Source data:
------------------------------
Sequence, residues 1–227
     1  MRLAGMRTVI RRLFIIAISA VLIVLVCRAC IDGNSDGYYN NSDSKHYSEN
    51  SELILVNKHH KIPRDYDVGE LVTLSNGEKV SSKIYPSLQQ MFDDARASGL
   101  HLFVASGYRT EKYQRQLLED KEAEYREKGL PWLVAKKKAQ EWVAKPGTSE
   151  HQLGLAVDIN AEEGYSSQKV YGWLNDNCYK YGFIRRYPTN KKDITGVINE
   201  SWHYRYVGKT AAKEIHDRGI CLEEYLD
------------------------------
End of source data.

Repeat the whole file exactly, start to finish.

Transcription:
Sequence, residues 1–227
     1  MRLAGMRTVI RRLFIIAISA VLIVLVCRAC IDGNSDGYYN NSDSKHYSEN
    51  SELILVNKHH KIPRDYDVGE LVTLSNGEKV SSKIYPSLQQ MFDDARASGL
   101  HLFVASGYRT EKYQRQLLED KEAEYREKGL PWLVAKKKAQ EWVAKPGTSE
   151  HQLGLAVDIN AEEGYSSQKV YGWLNDNCYK YGFIRRYPTN KKDITGVINE
   201  SWHYRYVGKT AAKEIHDRGI CLEEYLD